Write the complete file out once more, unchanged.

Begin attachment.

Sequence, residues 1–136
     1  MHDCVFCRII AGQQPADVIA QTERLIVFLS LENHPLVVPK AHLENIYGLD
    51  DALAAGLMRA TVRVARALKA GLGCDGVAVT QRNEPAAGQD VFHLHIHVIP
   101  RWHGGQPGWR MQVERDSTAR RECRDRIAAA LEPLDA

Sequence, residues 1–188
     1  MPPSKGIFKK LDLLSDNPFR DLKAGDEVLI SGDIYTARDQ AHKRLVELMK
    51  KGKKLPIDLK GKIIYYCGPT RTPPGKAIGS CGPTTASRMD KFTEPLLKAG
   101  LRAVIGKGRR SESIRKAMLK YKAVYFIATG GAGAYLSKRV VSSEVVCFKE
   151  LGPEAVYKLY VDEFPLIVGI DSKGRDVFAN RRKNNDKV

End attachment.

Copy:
Sequence, residues 1–136
     1  MHDCVFCRII AGQQPADVIA QTERLIVFLS LENHPLVVPK AHLENIYGLD
    51  DALAAGLMRA TVRVARALKA GLGCDGVAVT QRNEPAAGQD VFHLHIHVIP
   101  RWHGGQPGWR MQVERDSTAR RECRDRIAAA LEPLDA

Sequence, residues 1–188
     1  MPPSKGIFKK LDLLSDNPFR DLKAGDEVLI SGDIYTARDQ AHKRLVELMK
    51  KGKKLPIDLK GKIIYYCGPT RTPPGKAIGS CGPTTASRMD KFTEPLLKAG
   101  LRAVIGKGRR SESIRKAMLK YKAVYFIATG GAGAYLSKRV VSSEVVCFKE
   151  LGPEAVYKLY VDEFPLIVGI DSKGRDVFAN RRKNNDKV